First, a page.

Wednesday, September 19, 2012

1st Day in Istanbul: Mostly About the Food

We are so excited to finally be in Instanbul!  As soon as we arrived, we recognized the city immediately with the iconic images of massive domed mosques, sky-high minarets, palaces, bridges, and waterways. 

Despite our excitement, we didn't make it to hardly any famous sights today! No Hagia Sofia, no Blue Mosque, no Topkapi Palace, no museums, no Grand Bazaar.  We did manage to see the Galata Tower, Yeni Mosque, cross the Galata Bridge, and walk through the Egyptian Spice Market, get a view of the Golden Horn islet and the Bosphorus Strait; but the last 24 hours has mostly been about the food.  After 3 weeks of rather uninspiring Balkans cuisine, we are certain the remaining 7 days in Istanbul will continue to be mostly about gorging ourselves with Turkish cuisine! 

After the sticker shock of trying to book a hotel or hostel in this town last week, we went through and located a reasonably priced ($60) apartment in the Beyoglu neighborhood.  The best description of this place is bohemian in a residential neighborhood void of any tourists.  There are plenty of Turkish men hanging out on the sidewalks drinking tea all day long - it's that kind of place.  However, within 5 minutes, there's a bread and pastry shop, convenience store, small restaurant, produce stand, barbershop, liquor store, etc.   A 10 minute walk puts us right in the middle of one of the most famous pedestrian streets, Istiklal Caddesi, and we can be in the historic heart within 30 minutes (walking).  Here's where we settled into for the week.  

Istiklal Caddesi or Independence Avenue in Beyoglu neighborhood is one of the most famous and visited pedestrian streets in the New or Modern Istanbul side of the bridge.  There are plenty of chain retail and restaurants, bars, and nightclubs in these parts.

Istiklal Avenue ends at Taksim Square on the northern end.  The square is actually quite round.  It is very busy as a transportation hub, but has a nice monument called Monument of the Republic built for Turkish Independence in 1923.  However, the most interesting observation was that there were no places to sit (e.g. benches) in the entire square.  Apparently, the square is not to be enjoyed by hanging out.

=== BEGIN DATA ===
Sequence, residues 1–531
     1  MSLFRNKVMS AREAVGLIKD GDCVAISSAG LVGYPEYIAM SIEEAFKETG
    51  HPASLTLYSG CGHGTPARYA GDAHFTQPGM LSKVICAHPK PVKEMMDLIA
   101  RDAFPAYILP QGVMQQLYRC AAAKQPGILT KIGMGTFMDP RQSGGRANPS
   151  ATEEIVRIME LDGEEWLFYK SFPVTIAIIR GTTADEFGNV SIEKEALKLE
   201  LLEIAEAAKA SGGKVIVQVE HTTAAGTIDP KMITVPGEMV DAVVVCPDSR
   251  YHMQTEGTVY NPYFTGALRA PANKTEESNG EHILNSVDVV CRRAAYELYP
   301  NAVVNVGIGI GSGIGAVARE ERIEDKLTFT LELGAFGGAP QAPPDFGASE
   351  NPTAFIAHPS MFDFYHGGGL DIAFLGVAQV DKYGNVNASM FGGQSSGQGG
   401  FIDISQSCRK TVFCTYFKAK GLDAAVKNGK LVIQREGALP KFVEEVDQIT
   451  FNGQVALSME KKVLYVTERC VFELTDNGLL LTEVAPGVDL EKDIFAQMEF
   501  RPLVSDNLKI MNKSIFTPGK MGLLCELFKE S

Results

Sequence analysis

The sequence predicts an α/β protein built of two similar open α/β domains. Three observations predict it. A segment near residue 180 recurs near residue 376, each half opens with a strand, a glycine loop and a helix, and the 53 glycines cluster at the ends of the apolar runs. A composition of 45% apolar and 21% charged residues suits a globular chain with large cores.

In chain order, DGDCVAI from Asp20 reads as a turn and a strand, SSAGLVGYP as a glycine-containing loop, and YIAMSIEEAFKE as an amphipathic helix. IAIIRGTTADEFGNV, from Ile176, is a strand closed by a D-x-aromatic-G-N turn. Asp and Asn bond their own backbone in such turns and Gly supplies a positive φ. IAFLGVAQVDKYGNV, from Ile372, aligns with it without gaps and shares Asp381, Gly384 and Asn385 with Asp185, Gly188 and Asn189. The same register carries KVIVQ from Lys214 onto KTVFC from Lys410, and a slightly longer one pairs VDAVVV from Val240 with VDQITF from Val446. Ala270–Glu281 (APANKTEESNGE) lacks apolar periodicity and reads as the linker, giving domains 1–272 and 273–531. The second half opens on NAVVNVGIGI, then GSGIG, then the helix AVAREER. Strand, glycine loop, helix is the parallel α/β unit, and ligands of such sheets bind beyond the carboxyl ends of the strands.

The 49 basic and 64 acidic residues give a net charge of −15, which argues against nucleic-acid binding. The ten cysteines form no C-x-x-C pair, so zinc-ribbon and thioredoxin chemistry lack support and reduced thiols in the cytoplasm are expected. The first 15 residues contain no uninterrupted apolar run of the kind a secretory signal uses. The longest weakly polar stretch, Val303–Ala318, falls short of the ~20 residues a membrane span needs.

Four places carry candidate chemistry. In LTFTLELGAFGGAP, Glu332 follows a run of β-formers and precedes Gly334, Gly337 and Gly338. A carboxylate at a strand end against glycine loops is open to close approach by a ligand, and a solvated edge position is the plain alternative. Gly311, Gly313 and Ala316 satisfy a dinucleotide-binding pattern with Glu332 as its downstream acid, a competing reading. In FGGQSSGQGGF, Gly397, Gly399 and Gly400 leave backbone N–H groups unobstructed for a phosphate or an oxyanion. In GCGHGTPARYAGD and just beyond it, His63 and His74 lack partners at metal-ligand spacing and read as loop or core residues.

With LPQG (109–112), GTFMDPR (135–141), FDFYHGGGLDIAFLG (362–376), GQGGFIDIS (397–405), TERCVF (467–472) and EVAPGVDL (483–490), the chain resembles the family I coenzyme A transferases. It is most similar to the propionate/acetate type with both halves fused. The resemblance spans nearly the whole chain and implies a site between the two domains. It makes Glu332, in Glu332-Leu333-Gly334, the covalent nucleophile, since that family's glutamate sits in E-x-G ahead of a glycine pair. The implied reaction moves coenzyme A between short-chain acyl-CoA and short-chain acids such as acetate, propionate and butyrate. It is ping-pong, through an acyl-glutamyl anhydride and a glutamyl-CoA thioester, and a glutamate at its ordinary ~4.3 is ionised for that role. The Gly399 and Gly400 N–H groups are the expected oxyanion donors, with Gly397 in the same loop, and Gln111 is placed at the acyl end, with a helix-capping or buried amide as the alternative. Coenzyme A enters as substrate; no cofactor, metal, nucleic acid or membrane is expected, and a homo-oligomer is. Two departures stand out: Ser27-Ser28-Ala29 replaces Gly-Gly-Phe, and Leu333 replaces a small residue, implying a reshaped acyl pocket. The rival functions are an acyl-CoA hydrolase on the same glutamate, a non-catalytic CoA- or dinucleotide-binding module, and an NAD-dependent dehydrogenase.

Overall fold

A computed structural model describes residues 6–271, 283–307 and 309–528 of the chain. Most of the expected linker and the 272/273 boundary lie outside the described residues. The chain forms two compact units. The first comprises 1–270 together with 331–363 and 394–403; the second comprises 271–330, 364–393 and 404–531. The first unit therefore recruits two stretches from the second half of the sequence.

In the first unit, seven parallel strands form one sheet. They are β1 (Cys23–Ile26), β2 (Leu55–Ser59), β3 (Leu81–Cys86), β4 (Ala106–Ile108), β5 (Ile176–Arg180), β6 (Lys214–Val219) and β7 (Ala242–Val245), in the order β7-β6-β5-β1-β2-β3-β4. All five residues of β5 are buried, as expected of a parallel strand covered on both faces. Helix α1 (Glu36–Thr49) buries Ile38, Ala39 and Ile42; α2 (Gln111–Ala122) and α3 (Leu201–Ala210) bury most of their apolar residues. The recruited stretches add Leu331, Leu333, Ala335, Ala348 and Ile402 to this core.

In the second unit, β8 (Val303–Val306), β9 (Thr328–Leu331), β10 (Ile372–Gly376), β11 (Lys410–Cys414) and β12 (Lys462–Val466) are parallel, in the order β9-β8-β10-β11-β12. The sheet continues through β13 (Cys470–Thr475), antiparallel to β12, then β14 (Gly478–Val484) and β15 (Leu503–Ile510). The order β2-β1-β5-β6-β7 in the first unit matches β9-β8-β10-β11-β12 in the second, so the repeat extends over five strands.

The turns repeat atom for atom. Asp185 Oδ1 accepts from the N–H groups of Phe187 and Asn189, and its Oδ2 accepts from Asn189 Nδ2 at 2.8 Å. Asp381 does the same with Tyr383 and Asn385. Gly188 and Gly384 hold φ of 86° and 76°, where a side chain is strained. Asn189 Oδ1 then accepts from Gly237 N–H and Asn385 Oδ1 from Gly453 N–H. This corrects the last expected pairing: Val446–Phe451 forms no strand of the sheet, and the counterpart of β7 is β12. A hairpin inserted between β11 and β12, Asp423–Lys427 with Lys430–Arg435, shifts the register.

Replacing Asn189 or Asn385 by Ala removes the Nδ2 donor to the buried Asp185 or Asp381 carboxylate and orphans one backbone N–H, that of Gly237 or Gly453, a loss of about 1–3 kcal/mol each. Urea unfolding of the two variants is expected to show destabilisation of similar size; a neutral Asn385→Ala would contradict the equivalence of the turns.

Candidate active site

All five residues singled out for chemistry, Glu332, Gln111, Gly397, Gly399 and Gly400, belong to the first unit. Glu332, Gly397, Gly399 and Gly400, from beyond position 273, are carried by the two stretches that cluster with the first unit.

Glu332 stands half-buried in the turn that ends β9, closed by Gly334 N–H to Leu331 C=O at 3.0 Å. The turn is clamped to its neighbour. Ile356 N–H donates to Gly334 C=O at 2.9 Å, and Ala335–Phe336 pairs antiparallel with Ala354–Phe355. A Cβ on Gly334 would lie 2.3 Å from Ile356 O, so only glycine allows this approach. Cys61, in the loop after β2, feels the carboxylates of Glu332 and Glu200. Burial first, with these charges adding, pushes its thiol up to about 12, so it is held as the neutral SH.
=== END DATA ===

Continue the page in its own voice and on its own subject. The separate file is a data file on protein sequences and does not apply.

On the southern end of Istiklal Avenue is the quaint meandering (and steep) streets of the Galata neighborhood; home to the Galata Tower as well as many artsy crafty boutique stores.  One could go up into the tower for a bird's eye view of Istanbul, but the line deterred us from doing this.

So, where's all the food we talked about earlier?  We were sampling all along.

Efes Pilsen, Turkish beer.  
Our first meal in Istanbul made us homesick for a good ol' southern meat-and-three joint.  This was similar, but Turkish food. 

Grilled chicken, orzo, stewed okra, baked eggplant with minced meat peppers tomato, cold tomato cucumber salad.  
Our favorite neighborhood restaurant, Saray Lokantasi, serving cheap but hearty traditional Turkish home-cooked meals. 
The watermelon in the back of a truck looked too good to pass up.  Since we have a kitchen, we bought one for later! 
Store selling Turkish Delight called Lokum.  Sweet fruit flavored items eaten as a digestive. 
Colorful fruit at juice stand.  We had  fresh-squeezed  pomegranate juice and kiwi juice.   
Very interesting to see that all the gills were turned inside-out at the fish market near the Galata Bridge.  
Ate lunch at Akin Balik restaurant, right in the middle of the fish market, as recommended by our airbnb host.  We had to choose our fish lunch from this selection. 
We had grilled sea bass.  Akiko is quite the fish filet-er, de-boner, don't you think? 
Baklava store. 
Pistachio baklava for a snack. 
Ayran, a very popular Turkish yogurt drink.  Thin consistency of milk but taste of full-bodied, strained, yogurt; flavored with mint and herbs.  It was very cold and refreshing! 
Comlek kebabi 'earthenware bowl',  a type of kebab made of lamb, eggplant, tomatoes.  Not all kebabs are on a stick.  Sis kebabi is specifically on a stick.  There are hundreds of other kebabs. 
What everyone drinks in Turkey!  Turkish tea in its distinct glass cup. 
All this eating was making the cat hungry.  Cat longing to catch one of the pigeons pecking away at the bread crumbs. 

When we weren't eating or drinking, we managed to make it across the Galata Bridge for a nice view of the Golden Horn Islet and Bosphorus Strait.  As soon as we crossed the bridge, the imposing Yeni Mosque guarded the landscape.  To rest our feet and to get away from the crowd, we went to the 6th floor Rooftop Bar in the 5-star Legacy Ottoman Hotel right next to the mosque.  It seemed nobody knew about this bar that had a great view of the city. 

We also took a quick walk through the Egyptian Spice Market.  This was only a preview since we scheduled a private guide for a foodie tour for next Monday.  The tour includes talking to food vendors and sampling lots of food at markets on both the European and Asian side of Istanbul, followed by a traditional Turkish lunch!